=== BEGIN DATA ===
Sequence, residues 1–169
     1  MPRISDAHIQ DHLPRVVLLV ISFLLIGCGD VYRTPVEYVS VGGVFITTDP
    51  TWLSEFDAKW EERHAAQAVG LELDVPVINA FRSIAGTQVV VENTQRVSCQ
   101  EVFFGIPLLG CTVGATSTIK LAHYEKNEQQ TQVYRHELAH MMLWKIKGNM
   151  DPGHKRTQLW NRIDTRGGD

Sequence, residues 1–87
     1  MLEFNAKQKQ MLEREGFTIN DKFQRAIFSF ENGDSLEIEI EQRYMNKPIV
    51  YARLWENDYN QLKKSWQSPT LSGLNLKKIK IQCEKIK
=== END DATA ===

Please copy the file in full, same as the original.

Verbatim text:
Sequence, residues 1–169
     1  MPRISDAHIQ DHLPRVVLLV ISFLLIGCGD VYRTPVEYVS VGGVFITTDP
    51  TWLSEFDAKW EERHAAQAVG LELDVPVINA FRSIAGTQVV VENTQRVSCQ
   101  EVFFGIPLLG CTVGATSTIK LAHYEKNEQQ TQVYRHELAH MMLWKIKGNM
   151  DPGHKRTQLW NRIDTRGGD

Sequence, residues 1–87
     1  MLEFNAKQKQ MLEREGFTIN DKFQRAIFSF ENGDSLEIEI EQRYMNKPIV
    51  YARLWENDYN QLKKSWQSPT LSGLNLKKIK IQCEKIK